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Stinzen plants: naturally vintage bulbs

In the Netherlands, the term stinzenplanten is used to refer to a specific group of hardy bulbs. But what are they, and why are so many people interested in these flower bulbs that became naturalised here over the centuries?

What are stinzen plants?

Stinze is a Frisian word that means ‘brick house’. Long ago, brick was an expensive construction material, so it wasn’t so commonly used. It was used, however, to build abbeys, churches, country estates and farmhouses because their owners had the money to do so. And flower bulbs were planted in the gardens of these stately buildings owned by the wealthy to make them look even grander. These flower bulbs, which became known as stinzen plants, are spring-flowering bulbs that naturalise wherever they are planted. Today, they are all the rage again and can proudly bear the name of ‘vintage bulbs’.

Where did stinzen plants originate?

Stinzen plants did not originate in the Netherlands. Instead, they were discovered by adventurers and botanists who brought them to Western Europe as early as the 16th century. Perhaps the most famous among them were Carolus Clusius, William Robinson and the Tubergen brothers, Cornelis and Marinus. 

The various species of stinzen plants

Stinzen plants originated in woodlands. This means that they can easily tolerate shade and will bloom in the spring before the emergence of leaves on deciduous trees and shrubs. If you would like to know which flower bulbs are ultra-vintage and known as stinzen plants, here they are:

  • Bluebell (Hyacinthoides non-scripta)
  • Woodland Tulip (Tulipa sylvestris)

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  • Wood Anemone (Anemone nemerosa)
  • Ramsons (Allium ursinum)

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  • Chequered Fritillary (Fritillaria meleagris)
  • Nodding Star-of-Bethlehem (Ornithogalum nutans)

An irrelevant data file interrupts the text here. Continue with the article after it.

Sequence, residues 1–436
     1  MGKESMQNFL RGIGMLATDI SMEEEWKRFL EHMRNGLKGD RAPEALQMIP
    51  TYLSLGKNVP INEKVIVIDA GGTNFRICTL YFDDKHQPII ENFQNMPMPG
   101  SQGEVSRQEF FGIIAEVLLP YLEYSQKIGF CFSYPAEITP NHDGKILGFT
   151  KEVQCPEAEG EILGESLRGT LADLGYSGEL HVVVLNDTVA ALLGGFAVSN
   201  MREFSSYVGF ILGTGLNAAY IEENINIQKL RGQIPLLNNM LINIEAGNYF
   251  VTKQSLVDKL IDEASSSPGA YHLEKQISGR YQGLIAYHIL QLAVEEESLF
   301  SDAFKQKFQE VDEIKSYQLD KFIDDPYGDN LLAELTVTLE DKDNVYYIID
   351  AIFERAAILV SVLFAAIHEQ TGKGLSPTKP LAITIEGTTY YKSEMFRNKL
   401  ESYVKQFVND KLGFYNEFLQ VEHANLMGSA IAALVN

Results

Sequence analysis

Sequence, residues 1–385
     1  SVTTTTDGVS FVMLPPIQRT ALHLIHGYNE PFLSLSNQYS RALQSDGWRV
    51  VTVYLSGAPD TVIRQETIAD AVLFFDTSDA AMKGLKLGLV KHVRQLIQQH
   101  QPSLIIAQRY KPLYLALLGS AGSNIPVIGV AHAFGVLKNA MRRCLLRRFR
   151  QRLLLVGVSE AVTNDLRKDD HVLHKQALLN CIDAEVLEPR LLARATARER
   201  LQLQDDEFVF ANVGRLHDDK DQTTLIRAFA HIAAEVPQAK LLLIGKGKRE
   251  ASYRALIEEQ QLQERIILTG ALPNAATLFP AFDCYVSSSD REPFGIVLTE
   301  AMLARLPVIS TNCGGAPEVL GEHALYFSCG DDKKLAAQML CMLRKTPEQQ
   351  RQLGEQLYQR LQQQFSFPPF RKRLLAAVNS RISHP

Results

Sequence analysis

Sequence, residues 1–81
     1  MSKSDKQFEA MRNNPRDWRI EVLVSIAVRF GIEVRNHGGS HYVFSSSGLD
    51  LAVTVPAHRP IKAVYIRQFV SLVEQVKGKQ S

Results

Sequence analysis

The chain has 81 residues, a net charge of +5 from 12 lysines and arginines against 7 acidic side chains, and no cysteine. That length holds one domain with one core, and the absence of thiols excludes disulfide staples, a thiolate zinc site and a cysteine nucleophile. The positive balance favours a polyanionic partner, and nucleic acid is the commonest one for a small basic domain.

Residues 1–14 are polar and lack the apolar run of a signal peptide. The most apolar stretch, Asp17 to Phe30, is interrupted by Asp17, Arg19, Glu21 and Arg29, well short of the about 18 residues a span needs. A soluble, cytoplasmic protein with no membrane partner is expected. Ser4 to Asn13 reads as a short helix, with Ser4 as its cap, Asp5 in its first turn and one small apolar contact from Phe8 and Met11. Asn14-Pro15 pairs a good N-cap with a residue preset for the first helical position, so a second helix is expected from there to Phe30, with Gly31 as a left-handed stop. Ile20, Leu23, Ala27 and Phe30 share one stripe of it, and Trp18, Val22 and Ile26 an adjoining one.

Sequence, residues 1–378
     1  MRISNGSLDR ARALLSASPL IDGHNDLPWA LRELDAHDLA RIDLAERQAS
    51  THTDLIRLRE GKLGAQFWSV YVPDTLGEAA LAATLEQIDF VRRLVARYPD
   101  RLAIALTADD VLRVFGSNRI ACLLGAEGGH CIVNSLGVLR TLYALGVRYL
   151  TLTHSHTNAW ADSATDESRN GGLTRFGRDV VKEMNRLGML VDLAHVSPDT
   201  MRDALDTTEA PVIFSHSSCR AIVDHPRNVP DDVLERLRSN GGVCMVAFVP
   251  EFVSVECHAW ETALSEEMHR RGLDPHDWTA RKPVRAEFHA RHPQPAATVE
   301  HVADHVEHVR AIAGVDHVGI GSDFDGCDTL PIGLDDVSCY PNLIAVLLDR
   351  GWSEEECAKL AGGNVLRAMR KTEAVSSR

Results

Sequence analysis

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  • Crocus (Crocus)
  • Lily-of-the-Valley (Convallaria majalis)

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  • Spring Snowflake (Leucojum vernum)
  • Grecian Windflower (Anemone blanda)

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  • Siberian Squill (Scilla siberica)
  • Snowdrops (Galanthus)

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  • Glory-of-the-Snow (Chionodoxa)
  • Fumewort (Corydalis solida)

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  • Poet’s Daffodil (Narcissus poeticus)
  • Winter Aconite (Eranthis)

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  • Summer Snowflake (Leucojum aestivum)

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Planting stinzen plants

One thing is especially important for success with stinzen plants: they prefer a location in the garden where the soil will remain undisturbed. Good examples of this are beneath deciduous trees or shrubs, in lawns and meadows, in among perennials in borders, or in among low plants used as groundcovers. If you plant them in these places, they are sure to thrive. Just plant and enjoy!

Good to know

  • There are places where a castle or country estate has disappeared and its stinzen plants are still flowering centuries later.
  • The best care for stinzen plants is to neglect them. This is because stinzen plants naturalise best when simply left to their own devices.
  • Lawns and meadows, however, should not be mown until six weeks after the last stinzen plants have flowered. This gives the stinzen plants enough time to wither back naturally and to increase in number by seed (naturalise).
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